Encyclopaedia now available on CD-ROM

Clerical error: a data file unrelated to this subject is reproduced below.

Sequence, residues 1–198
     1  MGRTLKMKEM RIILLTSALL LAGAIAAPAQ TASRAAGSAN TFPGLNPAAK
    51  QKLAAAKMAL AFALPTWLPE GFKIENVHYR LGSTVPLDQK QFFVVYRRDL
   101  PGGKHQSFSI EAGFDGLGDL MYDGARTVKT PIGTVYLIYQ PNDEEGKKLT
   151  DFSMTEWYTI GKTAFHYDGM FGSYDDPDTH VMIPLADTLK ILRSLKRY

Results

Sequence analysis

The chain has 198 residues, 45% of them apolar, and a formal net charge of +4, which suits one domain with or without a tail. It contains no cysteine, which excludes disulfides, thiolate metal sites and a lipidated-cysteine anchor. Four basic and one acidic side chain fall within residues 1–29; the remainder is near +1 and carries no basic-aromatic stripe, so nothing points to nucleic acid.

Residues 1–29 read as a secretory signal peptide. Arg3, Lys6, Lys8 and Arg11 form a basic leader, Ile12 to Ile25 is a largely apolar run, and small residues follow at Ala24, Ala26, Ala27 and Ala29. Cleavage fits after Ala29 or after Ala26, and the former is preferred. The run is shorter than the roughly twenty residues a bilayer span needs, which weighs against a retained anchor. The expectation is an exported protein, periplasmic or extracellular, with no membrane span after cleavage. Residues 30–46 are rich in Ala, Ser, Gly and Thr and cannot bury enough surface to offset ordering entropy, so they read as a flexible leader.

UK pop group formed '59 Liverpool, all born there: John Winston Lennon (b 9 Oct. '40; d 8 Dec. '80, NYC), rhythm guitar; James Paul McCartney (b 18 June '42), rhythm guitar, then bass; George Harrison (b 24 Feb. '43), lead guitar; Ringo Starr (b Richard Starkey, 7 July '40), drums. Lennon had started skiffle group the Quarrymen (after Quarrybank school) '56; asked McCartney to join summer '57; Harrison added late '57; close friend art student Stuart Sutcliffe (b 23 June '40, Edinburgh; d 10 April '62) joined '58 on bass: he couldn't play at first but had money from sale of painting, needed to upgrade the group's equipment. The name changed to Johnny and the Moondogs, then Silver Beetles (after Buddy Holly's Crickets), then the Beatles; they lacked a steady drummer until joined '60 by Pete Best (b 24 Nov. '41, Madras, India); they had played some of their first gigs at the Casbah Club in the Best family's basement. They played four tours in tough Hamburg clubs beginning that year, perfecting covers of Chuck Berry, Little Richard etc; Lennon was infl. by the harmony and the softer style of the Everly Brothers, and also by Holly because (unlike Elvis Presley) Holly played guitar and wrote his own songs; Lennon and McCartney wrote songs together from the beginning. From Jan. '61 they played hundreds of dates at Liverpool's Cavern Club between Hamburg trips. Sutcliffe left the group to paint and settle with photographer Astrid Kirchherr in Hamburg '61 (he died in Astrid's arms of a brain haemorrhage, possibly caused by a hooligan's kick in the head '60 after an English gig). Astrid inspired much of Beatle style in dress and haircuts which left a deep imprint on the period; their haircuts were not English 'pudding-basin' haircuts, but modelled after what upper-class German schoolboys wore. They recorded back-up as the Beat Boys for pop singer Tony Sheridan on Polydor; fans in Liverpool sought out the record and Brian Epstein (b 19 Sep. '34; d 26--7 August '67), who managed the record department in his parents' furniture store, went to see them at the Cavern, was enchanted and became their manager. They were turned down by several labels (Decca famously chose Brian Poole and the Tremeloes instead), then got an audition with George Martin at Parlophone, then an EMI catch-all label for Scottish dance bands, comedy records etc. Best played at the audition, but Martin advised Epstein to replace him; Ringo was drafted in from Rory Storm and the Hurricanes. (Best had never cut his hair in the Beatle style; his brooding good looks made him the band's heart-throb and his sacking was controversial in Liverpool. He had a desultory career in music, quit '68 and while the Beatles were the most famous people in the world he wrapped bread in a factory; but he survived, later became a civil servant, served as consultant on US TV movie Birth Of The Beatles '79, pub- lished autobiography Beatle! '85.) A lot of people think Ringo wasn't a very good drummer either, but 'Love Me Do' was re-recorded with him on 11 Sep. '62 for a UK top 20; second single 'Please Please Me' was no. 2 early '63 and a UK LP of that name completed in a marathon session; third single 'From Me To You' was no. 1, succeeded by 'She Loves You', the biggest single in UK history till then and the first time an act had bumped itself out of the top spot, all '63. Beatlemania began and the group could not appear in public without police protection; the press coined the term 'Merseybeat' to describe the phenomenon (incl. other groups from Liverpool, on the river Mersey: the Searchers, Gerry and the Pacemakers, etc). They toured Europe; at a Royal Command Performance in London Lennon told the royals to rattle their jewellery instead of applauding. Their candour, unforced style and insouciant humour were evident in interviews, and something new had happened: they were real, not a press agent's creation; at the end of a too-long period of post-war austerity in Britain a generation of artists, photographers, playwrights and musicians had been nursed by the welfare state and educated thanks to the 1944 Education Act, and found themselves in a new era of rising prosperity; Britain seemed to have recovered from two world wars, a terrible economic depression and the loss of Empire and was ready to smile again, and Lennon and McCartney became one of the most successful song-writing teams in history. Next came the British Invasion of the USA. EMI's USA outlet Capitol had turned down the records; the first USA issues were on Swan and Vee-Jay. The fourth single 'I Want To Hold Your Hand' and second UK LP With The Beatles (Meet The Beatles in the USA) were issued by Capitol none too soon as the group landed in NYC to mob scenes 7 Feb. '64; millions saw two appearances on the Ed Sullivan TV show (but nobody heard the music for the screaming); in April 'Can't Buy Me Love' became the first single to top USA and UK charts simultaneously. First film A Hard Day's Night opened in USA in August and made $1.3 million the first week: dir. by Richard Lester in monochrome and realistic style, good actors in support (Wilfrid Brambell as the lecherous grandfather), it received two Oscar noms and is still probably the best pop film ever made. Help! '65 co-starred Victor Spinetti, was dir. by Lester and well received but (prophetically) more self-indulgent. They received MBE (Member of the British Empire) honours at Buckingham Palace from HM Queen Elizabeth II 26 Oct. '65 (and confessed later that they were so nervous they smoked dope in a rest room there): the 'gongs' are recommended by politicians, in this case Prime Minister Harold Wilson, who wanted credit for 'Swinging London'. The songs improved in craftsmanship and lyrics became more adventurous; 'Day Tripper' and 'Paperback Writer' '65--6 broke new ground: some were puzzled, esp. in USA, by UK idioms, but the records sold automatically. With soundtrack LPs and Beatles For Sale '64 they had five straight no. 1 LPs UK, five slightly different no. 1 USA issues; Help! incl. McCartney's lovely 'Yesterday' accompanied by a string quartet (covered since about 2,000 times) and Lennon's Bob Dylan-infl. 'You've Got To Hide Your Love Away'. They no longer wrote together (though by mutual agreement songs published under both names), so that John's acerbity and Paul's prettiness no longer complemented each other. Rubber Soul '65 made full use of four-track studio techniques, polished layer by layer by Martin, who was called 'the fifth Beatle'. Rubber Soul incl. John's boredom ('Nowhere Man'), the sadness of anonymous lust ('Norwegian Wood', with Harrison on sitar), Paul's too-pretty 'Michelle'. Revolver '66 plunged further afield and is regarded by many now as their masterpiece; Harrison was allowed three songs: 'Taxman' (mentioned rapacious interchangeable UK politicians Wilson and Heath by name), 'Love You To' with sitars, 'I Want To Tell You'; there was also the upbeat 'Good Day Sunshine' as well as Paul's 'Eleanor Rigby' (sung alone with a string octet); stunningly simple 'Here, There, And Everywhere'; powerful, brassy 'Got To Get You Into My Life'; title song from Yellow Submarine, '68 animated film by Heinz Edelman, still delighting children today; John's quirky 'I'm Only Sleeping', 'And Your Bird Can Sing', 'Doctor Robert' and the mysterious 'Tomorrow Never Knows'. The single 'Penny Lane'/'Strawberry Fields Forever' was first not to be no. 1 UK (no. 2 '67); snapshots of Liverpool childhood were too good: 'Penny Lane' was Paul's, 'Fields' had John's surreal lyrics. Their boldest work to date had been intended for a new LP but released because they took so long to make and a new single was due. UK LPs had seven songs on each side; because of the way royalties were paid and the price structure in American market, American LPs had only six (hard-core fans bought the imported editions), but the Beatles changed all that, too: Sgt Pepper's Lonely Hearts Club Band '67 was identical everywhere (it cost $1 more in USA than previous Beatles sets). As a concept album it was a carnival of pure entertainment, with an overture, a mixture of music hall, old theatre posters ('Being For The Benefit Of Mr Kite'), engaging nonsense ('Lovely Rita'), psychedelia ('Lucy In The Sky With Diamonds', LSD mnemonic), Paul's sentimentality ('When I'm Sixty-Four'), Ringo's jolly singing on '(With) A Little Help From My Friends', all strained Martin's then state-of-the-art equipment to its limits: the hurdy-gurdy effect in 'Mr Kite' was obtained by mixing taped bits of steam-organ music at random; the last track 'A Day In The Life' began with leftover lyrics and ended with a 40-piece orch. playing a long improvised chord like a coffin lid, followed by a 20,000 Hz sound only dogs could hear. The collage on sleeve artwork also set fashions, featured marijuana plants (unknown to EMI) amid jungle/jumble. Twenty years later people remembered where they were when they first heard the album, which worked partly because drug-induced bonhomie brought the Fab Four closer together than they had been for a long time or would be again: they had conquered the world but not seen it, prisoners in hotel rooms. In a world-wide satellite broadcast '67 200 million people saw them sing 'All You Need Is Love' two weeks after an Arab--Israeli war. They now extended interest in Eastern music to philosophy, following Maharishi Mahesh Yogi; at a retreat with him in Wales they heard about Epstein's death (probably drug-induced by accident, but enormous fortunes being made had begun to haunt them all, and Epstein, a good manager in the early days, had made a serious mistake in selling Beatles merchandise permissions for practically nothing). Lennon acknowledged that they might never have made it without Epstein. They decided to make an improvised film, leaving London on a bus Sep. '67 without Epstein to organize everything for them, followed by crowds and snarled traffic; they forgot to book studio time and had to shoot interiors in a disused aircraft hangar: Magical Mystery Tour was like a sequence of early experimental pop videos, shown on the BBC 26 Dec. '67 and trounced by critics: a USA TV deal was cancelled; it was the first Beatle failure. Two-disc 7]im[ 45 EP soundtrack album reached no. 2 on the UK singles chart; in USA it filled one LP side, recent singles the other. Meanwhile tax/financial problems were to be sorted out by investment in company which became Apple Corps Ltd, to be operated in hippie 'peace and love' fashion, creativity unstifled by businesslike methods: Dutch design team the Fool commissioned to run Apple boutique in Baker Street (a shoplifters' heaven); Apple Electronics run by incompetent 'Magic Alex', who never invented anything; also Apple Music, Retail, Foundation for the Arts, record label: a few long- time friends worked hard for little reward, hangers-on and people off the street helped themselves with no one in charge: a fortune was saved from taxman by throwing it away. As this disaster was getting under way, the Beatles went to India with Maharishi, but the Liverpudlians were still hardheaded enough quickly to tire of trying to levitate and used the time to write songs. Sessions for The Beatles '68 were marred by John's romance with Yoko Ono, who was constantly present and carelessly in the way, but the group was disintegrating anyway. The two-disc set was called 'The White Album', with no sleeve artwork at all; it incl. scribbles and scraps among flashes of the old brilliance: Lennon's 'Julia' to his long-dead mother, rocker 'Back In The USSR', charming market-place romance 'Ob-La-Di, Ob-La-Da'. Martin begged them to edit it to a single album but the only thing they agreed on was not to do that. The first batch bore serial numbers: a 'limited edition' of two million. The Apple label was nearly successful: single 'Hey Jude' sold three million; the label signed Mary Hopkin ('Those Were The Days' no. 1 UK, no. 2 USA), James Taylor, Jackie Lomax, the Modern Jazz Quartet; but the Apple empire was collapsing. The Beatles wanted industry shark Allen Klein to sort it out, except Paul, who wanted NYC lawyer John Eastman, soon to be his father-in-law; Klein won and a sweep-out of Apple Corps began. The Yellow Submarine soundtrack album '69 was very short weight. Abbey Road '69 had a famous sleeve photo of the four crossing road to the EMI studio; an absurd rumour started, still peddled today, that Paul was dead, a lookalike replacement hired. The album contrasted Paul's nursery- rhymish 'Maxwell's Silver Hammer' (which John hated), Ringo's vocal on 'Octopus's Garden' with 'Come Together', 'She Came In Through The Bathroom Window' (hit for Joe Cocker '70). Their last album Let It Be was released '70 after the final split; the sessions saw a great many songs recorded, some going back to the Quarrymen ('One After 909'); 'Get Back' was best thing on it. Lennon wanted it done 'live' in the studio rather than edited together, and didn't want Martin to work his usual magic; when everybody got tired of doing take after take, Lennon wanted to release the chaos: 'It'll tell people, This is us with our trousers off, so will you please end the game now?' But he handed the tapes over to Phil Spector; when Paul could not stop what Spector had done to his 'Long And Winding Road' (dubbed strings, etc) he too knew the group was finished, and Martin was still disgusted decades later. A film for the album was completed Jan. '69 with a rooftop concert at Apple's Savile Row headquarters and the sound in the sky was enough for the neighbours, who called police: the decade and the Beatles ended with John saying, 'I'd like to say thank you very much on behalf of the group and myself and I hope we passed the audition.' The self-contained group creating its own material had turned the music business upside down, giving popular music back to the people who made it; the huge amounts of money in post-Beatles pop meant that accountants and lawyers took over record companies and took the music back again, yet Britpop a quarter of a century later was nothing but an echo of the Beatles' uniqueness. Their lyrics were clever and often contained puns, but critics and public looked too hard for secrets: when lines from Shakespeare were thrown into Lennon's sound-collage 'I Am The Walrus' (from Magical Mystery Tour), critic Rex Reed (in Stereo Review) thought they were mocking a priest in the confessional; when psychopathic murderer Charles Manson claimed to be inspired by 'Helter Skelter' (a McCartney scribble on 'The White Album') everybody rushed to listen. The excitement was overdone '66 when Lennon said, 'We're more popular than Jesus now', a banal piece of social comment which some clergymen admitted might be true; and Lennon may have meant it with some regret, or at least puzzlement. He wanted a sleeve illustration on a USA compilation album that year featuring chopped-up dolls and fake blood in a butcher shop, describing it as 'as relevant as Vietnam', but the Beatles weren't allowed to be serious. The issues of Beatles CDs early '87 were revealing: the first was recorded all in one day in mono; Martin had only a two-track machine to work with, putting instruments on one track, voices on the other; mixing down a mono master was a breeze. David Sinclair in The Times wrote of the second LP, revealed by digital technology in all its strangeness: 'Did George intend the guitar intro to ''Roll Over Beethoven'' to sound like a rubber band? Did Paul forget to plug in his bass during ''Hold Me Tight''? And were the Beatles really such a barber shop vocal unit as the ... versatile harmonies, so prominently mixed, suggest?' They were, and unlike other 'beat' groups, they went on from there to get better. They spent four months and $75,000 making Sgt Pepper; less talented groups later spent far more making flops and the Beatles were blamed. William Mann wrote in The Times that Lennon and McCartney were 'the greatest songwriters since Schubert'; Fritz Spiegl described them in The Listener as doing more damage than anyone in the history of music; the American composer Ned Rorem thought that the Beatles had come to slay the wicked serialists; Wilfred Mellers sought subtexts by examining inaccurately arranged sheet music of songs by people who could not read or write music. The Beatles combined Tin Pan Alley chord patterns, a rhythm and blues framework and folk harmonies; later they experimented with electronics and sound-collage, which Cage and Stockhausen had done before them; they invented nothing, but absorbed and reflected with a delightful childlike curiosity; the media contributed to a lot of nonsense, while the Beatles were no more or less than a deeply loved pop group who made people feel good, and whose original, essentially English tunes contained a large element of seaside postcard and music hall: among their many saving graces was that they knew and cheerfully acknowledged that the mystery of their popularity was greater than the sum of their parts. The long-suffering and self-effacing Derek Taylor (b 7 May '32, Liverpool; d 7 Sep. '97), a former reporter on the Daily Express, had gone to work as Epstein's assistant, worked at Apple and was still looking after the Beatles' interests 30 years later. In Dec. '94 a two-CD set Live At The BBC compiled recordings and dialogue from radio programmes; the three surviving Beatles got together '95 to record backing for a tape of Lennon singing 'Free As A Bird', the 'new' Beatles single incl. in Anthology, a three-CD set of scraps and out-takes, and there was an exhaustive TV profile at last making good use of archive film and interviews. Another three-CD set Anthology 2 early '96 was much more interesting, revealing how some of their most famous work was built up in the studio; Anthology 3 late '96 was more of the same, '68--70 near-misses and takes from Let It Be without Spector's mischief, as well as George Harrison doing some of the most focused work of the four. A set of eight videos was released as Anthology, almost double the length of the TV series. Shout! '81 by Philip Norman told their story in detail, but astonishingly has no index; the best book on the music is probably Allan Kozinn's The Beatles '95, and even he falls into the trap of trying to turn pop music into higher culture. Ian MacDonald's Revolution In The Head '94 is very good on the songs. See also entries for individuals.